Ennahda jockeys to oust PM, take control of government

The Islamist party’s Shura Council voted in favour of starting negotiations to form new cabinet. But Preside Saied dismisses talk of such negotiations.
Monday 13/07/2020
A file picture shows Tunisian Prime Minister Elyes Fakhfakh attending a parliament session in Tunis. (AFP)
A file picture shows Tunisian Prime Minister Elyes Fakhfakh attending a parliament session in Tunis. (AFP)

TUNIS – Tunisia’s Islamist Ennahda party’s Shura Council decided Sunday to turn the page on the government of Elyes Fakhfakh and start consultations to form a new coalition after a meeting in Hammamet.

According to local media, 54 members of the Shura Council voted in favour of dismissing Fakhfakh as prime minister, against 38 who affirmed their attachment to governmental stability.

This comes after information circulated on Sunday that the Islamist party could withdraw its ministers from the government.

If Ennahda, the main party in Tunisia’s ruling coalition, withdraws its ministers, Fakhfakh could replace them with interim ministers before seeking to form a new coalition.

However, experts say such news is premature and it appears that no decision was officially taken, although the issue could have been discussed during the Shura Council meeting.

According to media reports, the vote provoked friction within the Shura Council. A clash is said to have occurred as Ennahda’s parliamentary bloc leader, Noureddine Bhiri, argued strongly in favour of the decision while current health minister, Abdellatif Mekki, asserted angrily that he still had a reform programme to implement as part of the government.

“The decisions of the Shura Council are aimed at making the Tunisian people believe that Ennahda is still in control of the situation while it has become the weakest link,” said Echaab Movement MP Hatem Boubakri. “What is happening now is a simple political manoeuvre by Ennahda to save face.”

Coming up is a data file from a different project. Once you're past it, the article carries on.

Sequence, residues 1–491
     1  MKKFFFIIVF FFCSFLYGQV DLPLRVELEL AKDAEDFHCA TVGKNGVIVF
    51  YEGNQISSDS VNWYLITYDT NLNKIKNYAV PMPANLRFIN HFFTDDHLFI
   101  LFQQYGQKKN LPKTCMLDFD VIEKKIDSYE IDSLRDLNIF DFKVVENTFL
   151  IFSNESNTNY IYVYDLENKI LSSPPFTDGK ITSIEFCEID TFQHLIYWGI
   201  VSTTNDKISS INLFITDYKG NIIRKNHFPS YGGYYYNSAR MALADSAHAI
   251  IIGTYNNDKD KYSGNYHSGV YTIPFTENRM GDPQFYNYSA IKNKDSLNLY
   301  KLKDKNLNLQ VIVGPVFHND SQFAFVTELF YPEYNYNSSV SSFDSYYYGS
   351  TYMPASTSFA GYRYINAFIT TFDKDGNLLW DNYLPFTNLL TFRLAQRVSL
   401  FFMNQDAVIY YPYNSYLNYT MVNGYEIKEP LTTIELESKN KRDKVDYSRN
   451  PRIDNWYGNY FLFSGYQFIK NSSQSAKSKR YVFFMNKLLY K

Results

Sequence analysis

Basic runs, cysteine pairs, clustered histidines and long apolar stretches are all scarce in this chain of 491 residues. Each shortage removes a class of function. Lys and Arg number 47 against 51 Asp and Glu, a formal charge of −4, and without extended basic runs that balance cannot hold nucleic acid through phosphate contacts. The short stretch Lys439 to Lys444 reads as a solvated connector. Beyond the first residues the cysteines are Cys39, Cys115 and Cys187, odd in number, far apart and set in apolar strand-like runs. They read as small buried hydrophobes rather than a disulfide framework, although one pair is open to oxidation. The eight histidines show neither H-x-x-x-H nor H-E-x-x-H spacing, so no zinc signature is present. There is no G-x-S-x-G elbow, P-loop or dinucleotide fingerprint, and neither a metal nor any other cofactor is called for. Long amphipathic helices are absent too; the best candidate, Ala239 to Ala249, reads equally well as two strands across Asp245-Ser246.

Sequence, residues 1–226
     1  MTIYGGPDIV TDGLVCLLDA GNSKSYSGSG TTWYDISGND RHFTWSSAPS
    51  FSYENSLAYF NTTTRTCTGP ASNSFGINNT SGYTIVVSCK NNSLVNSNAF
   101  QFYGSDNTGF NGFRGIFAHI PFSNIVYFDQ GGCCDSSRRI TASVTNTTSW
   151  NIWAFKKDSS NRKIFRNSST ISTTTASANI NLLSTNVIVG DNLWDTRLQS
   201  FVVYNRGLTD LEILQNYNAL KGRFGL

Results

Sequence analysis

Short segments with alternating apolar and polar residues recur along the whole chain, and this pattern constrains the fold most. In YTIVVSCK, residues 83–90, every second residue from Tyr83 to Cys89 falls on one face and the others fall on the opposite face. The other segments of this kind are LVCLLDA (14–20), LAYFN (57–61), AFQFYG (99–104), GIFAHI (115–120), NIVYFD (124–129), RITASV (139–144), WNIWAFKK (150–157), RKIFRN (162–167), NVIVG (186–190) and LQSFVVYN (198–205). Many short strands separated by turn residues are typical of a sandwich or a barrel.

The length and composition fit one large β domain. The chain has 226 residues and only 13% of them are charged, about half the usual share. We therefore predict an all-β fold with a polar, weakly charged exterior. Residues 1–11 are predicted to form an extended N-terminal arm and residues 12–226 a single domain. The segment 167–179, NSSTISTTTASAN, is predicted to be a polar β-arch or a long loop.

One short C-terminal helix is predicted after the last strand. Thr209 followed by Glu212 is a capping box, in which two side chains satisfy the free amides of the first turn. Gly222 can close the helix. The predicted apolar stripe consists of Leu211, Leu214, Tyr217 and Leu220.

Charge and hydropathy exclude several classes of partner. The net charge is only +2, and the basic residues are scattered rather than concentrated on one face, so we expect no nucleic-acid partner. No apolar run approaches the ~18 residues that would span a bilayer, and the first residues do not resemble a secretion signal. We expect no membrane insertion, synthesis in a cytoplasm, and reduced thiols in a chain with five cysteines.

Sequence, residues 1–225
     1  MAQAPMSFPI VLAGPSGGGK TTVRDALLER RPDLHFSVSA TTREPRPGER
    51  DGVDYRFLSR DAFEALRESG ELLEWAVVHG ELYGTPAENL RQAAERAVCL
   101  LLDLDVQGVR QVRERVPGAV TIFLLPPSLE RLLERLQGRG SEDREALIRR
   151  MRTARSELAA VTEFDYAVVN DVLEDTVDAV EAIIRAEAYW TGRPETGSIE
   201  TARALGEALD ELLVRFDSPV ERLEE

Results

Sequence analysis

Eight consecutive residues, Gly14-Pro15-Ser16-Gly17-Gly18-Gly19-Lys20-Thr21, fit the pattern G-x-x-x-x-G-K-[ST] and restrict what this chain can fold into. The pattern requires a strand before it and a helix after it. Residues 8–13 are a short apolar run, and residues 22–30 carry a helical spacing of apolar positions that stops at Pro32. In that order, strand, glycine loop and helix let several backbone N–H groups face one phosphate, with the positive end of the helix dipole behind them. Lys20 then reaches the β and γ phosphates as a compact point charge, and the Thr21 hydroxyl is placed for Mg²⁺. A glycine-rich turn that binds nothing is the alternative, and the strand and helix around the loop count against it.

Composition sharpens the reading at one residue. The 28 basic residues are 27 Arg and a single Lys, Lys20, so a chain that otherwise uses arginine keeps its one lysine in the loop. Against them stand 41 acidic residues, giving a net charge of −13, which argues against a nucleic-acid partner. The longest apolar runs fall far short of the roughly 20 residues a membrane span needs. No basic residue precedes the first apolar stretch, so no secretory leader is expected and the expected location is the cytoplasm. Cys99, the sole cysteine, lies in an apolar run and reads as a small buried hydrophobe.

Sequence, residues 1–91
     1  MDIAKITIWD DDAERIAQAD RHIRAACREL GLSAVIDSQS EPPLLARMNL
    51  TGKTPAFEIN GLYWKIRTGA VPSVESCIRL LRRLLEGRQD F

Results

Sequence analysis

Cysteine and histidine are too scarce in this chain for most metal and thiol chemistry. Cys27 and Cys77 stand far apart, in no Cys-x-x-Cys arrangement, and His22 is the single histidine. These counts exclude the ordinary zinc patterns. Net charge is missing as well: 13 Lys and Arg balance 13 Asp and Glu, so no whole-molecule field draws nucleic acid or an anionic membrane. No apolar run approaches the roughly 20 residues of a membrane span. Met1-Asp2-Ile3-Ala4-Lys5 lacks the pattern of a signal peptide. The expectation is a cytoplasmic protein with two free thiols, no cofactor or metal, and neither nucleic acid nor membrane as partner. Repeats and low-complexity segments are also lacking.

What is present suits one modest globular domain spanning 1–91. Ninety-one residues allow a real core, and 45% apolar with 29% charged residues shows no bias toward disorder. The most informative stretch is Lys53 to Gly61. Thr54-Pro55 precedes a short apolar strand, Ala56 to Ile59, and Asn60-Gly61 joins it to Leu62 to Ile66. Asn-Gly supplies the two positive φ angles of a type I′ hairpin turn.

Pressure on the government has mounted in recent weeks after opponents called for the resignation of Fakhfakh over an alleged a conflict of interest issue.

Ennahda on Sunday said that it wants “to hold talks to form a strong new government because this government lost credibility after suspicion of conflict of interest involving the prime minister,” Imed Khmiri, a senior member of the Islamist party, said.

Fakhfakh has rejected accusations of corruption, even after an independent member of parliament leaked documents last month indicating that companies the prime minister owns shares in had won deals worth 44 million dinars ($15 million) from the state.

The leak is suspected of being part of a pressure campaign by Ennahda and its political allies to maintain destabilising leverage over Fakhfakh’s government, perceived as “the government of the president.”

President Kais Saied, who is seen as a constant challenger to Ennahdha’s quest for control of the country’s political institutions, dismissed Monday any talk about negotiations to form a new government as baseless “fabrications” aimed at “misleading” the public. In a video statement released by his press office, Saied emphasised that the presidency is not concerned by any such negotiations as long as the PM enjoys his “full prerogatives”. Any negotiations,  he pointed out, can only take place if the parliament passes a no confidence-vote in the government or if the prime minister resigns. 

Political activists have called on Saied to seek the resignation of Fakhfakh and replace him with a prime minister of his choice as a way to pre-empt Ennahda’s attempts at reshaping the cabinet according to its political interests.

Earlier this month, Fakhfakh, who assumed the premiership in February, said that he has no intention of quitting and intends to “fulfil the mission for which he was appointed.”

He also indicated that he would not concede to Ennahda’s demands to reshape the governing coalition to include the Qalb Tounes party and exclude the pan-Arabist People’s Movement, which has often refused to cooperate with Ennahda on parliamentary initiatives.

The row comes as Tunisia tries to put state finances on sounder footing after years of deficit spending and mounting public debt – issues that have been exacerbated by the coronavirus pandemic.

According to government figures, the country’s economy is expected to contract by at least 6% this year, as public companies flounder.

The trend is part of a deeper recession this year than the last official forecast of 4.3% made by the International Monetary Fund (IMF).

Key sectors, notably tourism and textiles, are likely to be hardest hit, resulting in around 130,000 lost jobs and public debt hitting a “terrifying level” of 92 billion dinars ($33.5 billion).